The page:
It is hardly surprising that Stevens and Ung propose love as the opposite of lust in the workplace pointing out that, whereas lust looks to be serviced, love serves: ?For people of faith, it is a ,,, universal human desire to be loved by God and to love God.?
The authors provide a challenging and helpful list of questions based in 1 Corinthians 13 adapted for the workplace:
- Are you willing to do small things, even when no one is watching?
- Do you look out for opportunities to show kindness to people who are usually ignored, shunned or overlooked?
- Do you rejoice with the success of colleagues or peers?
- Do you resist the temptation to draw attention to yourself?
- Do you treat everyone with respect and courtesy?
- Do you actively seek not to provoke other people?
- Do you consciously choose to frame things in a positive manner, giving your colleagues the benefit of the doubt (while not being blind to their foibles)?
- Do you restrain yourself from inflating other people?s faults or exposing their weaknesses in order to tear them down?
That?s quite a list and I could not help but feel for Christian politicians (the current election results being in front of mind).? How hard must it be for them to enact some of these suggestions in the adversarial culture of political life??
Two suggestions are offered for cultivating the fruit of love in the workplace:
- Form covenantal relationships with the people you work with: ?The authors refer to the Hebrew word Hesed which describes relationships that are so faithful, kind and compassionate that it is called a covenant.? These sorts of relationships emerge when we give attention to people who are shunned (?wrong? education, race or background).? They suggest the book of Ruth as a rich source of further study of hesed relationships (see also Mark Greene’s article?, pp 6-7)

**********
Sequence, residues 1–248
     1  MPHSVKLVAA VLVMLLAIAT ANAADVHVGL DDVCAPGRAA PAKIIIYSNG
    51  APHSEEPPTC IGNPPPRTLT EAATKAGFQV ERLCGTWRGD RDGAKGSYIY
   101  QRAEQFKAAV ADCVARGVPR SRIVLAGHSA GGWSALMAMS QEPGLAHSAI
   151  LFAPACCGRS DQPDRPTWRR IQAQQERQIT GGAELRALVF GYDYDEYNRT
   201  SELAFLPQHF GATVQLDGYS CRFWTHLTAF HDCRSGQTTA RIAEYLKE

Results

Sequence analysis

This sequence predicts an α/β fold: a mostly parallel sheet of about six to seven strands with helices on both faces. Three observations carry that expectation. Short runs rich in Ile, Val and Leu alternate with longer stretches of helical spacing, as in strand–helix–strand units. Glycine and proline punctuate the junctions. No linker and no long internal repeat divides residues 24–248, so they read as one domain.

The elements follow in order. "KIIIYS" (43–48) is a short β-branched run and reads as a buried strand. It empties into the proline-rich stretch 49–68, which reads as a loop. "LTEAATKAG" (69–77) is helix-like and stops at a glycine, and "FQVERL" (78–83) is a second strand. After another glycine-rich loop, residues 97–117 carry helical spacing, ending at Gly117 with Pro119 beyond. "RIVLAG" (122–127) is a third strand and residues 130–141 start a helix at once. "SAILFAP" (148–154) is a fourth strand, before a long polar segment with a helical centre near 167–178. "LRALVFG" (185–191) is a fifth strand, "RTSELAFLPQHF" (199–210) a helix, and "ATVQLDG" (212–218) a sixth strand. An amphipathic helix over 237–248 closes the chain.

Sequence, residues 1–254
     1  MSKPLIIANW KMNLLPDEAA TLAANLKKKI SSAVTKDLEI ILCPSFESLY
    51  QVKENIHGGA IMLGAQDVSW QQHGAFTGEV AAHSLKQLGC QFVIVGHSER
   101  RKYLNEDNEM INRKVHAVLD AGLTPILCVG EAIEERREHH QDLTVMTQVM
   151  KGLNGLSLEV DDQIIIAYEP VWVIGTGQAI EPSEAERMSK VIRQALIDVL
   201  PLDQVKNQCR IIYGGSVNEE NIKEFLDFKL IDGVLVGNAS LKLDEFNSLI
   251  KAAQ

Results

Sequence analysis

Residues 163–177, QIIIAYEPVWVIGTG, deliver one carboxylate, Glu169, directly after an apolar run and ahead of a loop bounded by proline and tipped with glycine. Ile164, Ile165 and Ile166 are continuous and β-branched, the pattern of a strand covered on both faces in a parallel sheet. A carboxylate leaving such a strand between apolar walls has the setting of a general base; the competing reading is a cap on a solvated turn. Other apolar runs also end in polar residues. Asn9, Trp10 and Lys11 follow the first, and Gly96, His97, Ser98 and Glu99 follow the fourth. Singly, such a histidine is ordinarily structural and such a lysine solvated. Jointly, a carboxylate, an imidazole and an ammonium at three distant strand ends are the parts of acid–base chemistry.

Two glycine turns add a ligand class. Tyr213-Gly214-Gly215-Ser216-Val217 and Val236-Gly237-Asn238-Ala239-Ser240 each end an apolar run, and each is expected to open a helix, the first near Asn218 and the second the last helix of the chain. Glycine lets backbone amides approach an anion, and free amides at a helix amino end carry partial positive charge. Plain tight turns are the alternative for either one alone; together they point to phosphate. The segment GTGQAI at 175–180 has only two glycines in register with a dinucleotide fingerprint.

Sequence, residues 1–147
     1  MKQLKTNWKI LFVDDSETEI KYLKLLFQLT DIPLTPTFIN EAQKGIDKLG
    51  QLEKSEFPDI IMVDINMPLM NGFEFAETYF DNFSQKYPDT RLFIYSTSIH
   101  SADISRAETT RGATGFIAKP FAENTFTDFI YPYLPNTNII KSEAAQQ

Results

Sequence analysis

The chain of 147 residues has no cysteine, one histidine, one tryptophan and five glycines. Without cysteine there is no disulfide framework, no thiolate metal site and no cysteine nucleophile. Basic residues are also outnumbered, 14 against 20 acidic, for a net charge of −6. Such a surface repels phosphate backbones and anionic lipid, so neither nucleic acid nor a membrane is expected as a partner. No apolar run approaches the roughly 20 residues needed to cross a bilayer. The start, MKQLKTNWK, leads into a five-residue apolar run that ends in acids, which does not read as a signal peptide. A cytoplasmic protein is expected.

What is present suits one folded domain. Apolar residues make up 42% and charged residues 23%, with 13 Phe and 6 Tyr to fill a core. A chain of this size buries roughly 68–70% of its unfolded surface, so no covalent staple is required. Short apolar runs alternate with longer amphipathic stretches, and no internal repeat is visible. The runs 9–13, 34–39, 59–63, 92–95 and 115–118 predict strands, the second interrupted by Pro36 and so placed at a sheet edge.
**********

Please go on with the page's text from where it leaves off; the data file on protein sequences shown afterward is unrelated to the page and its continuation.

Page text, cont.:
- Contemplate Jesus? working relationship with his Father: ?Described as ?? the best working relationship in history?, the authors encourage a study of the Gospel of John to see examples of how this relationship works out in practice.
So as you enter the workplace this week, may you be mindful of opportunities to demonstrate love to those around you.? ?May the loving, hesed relationships that you have already formed flourish in ways that draw people to our Father God.
Next time: Beautiful Purity (Chapter 21)
Stevens, R. P., and Ung, A. (2010).?Taking Your Soul to Work: overcoming the nine deadly sins of the workplace.??Grand Rapids, Michigan. Eerdmans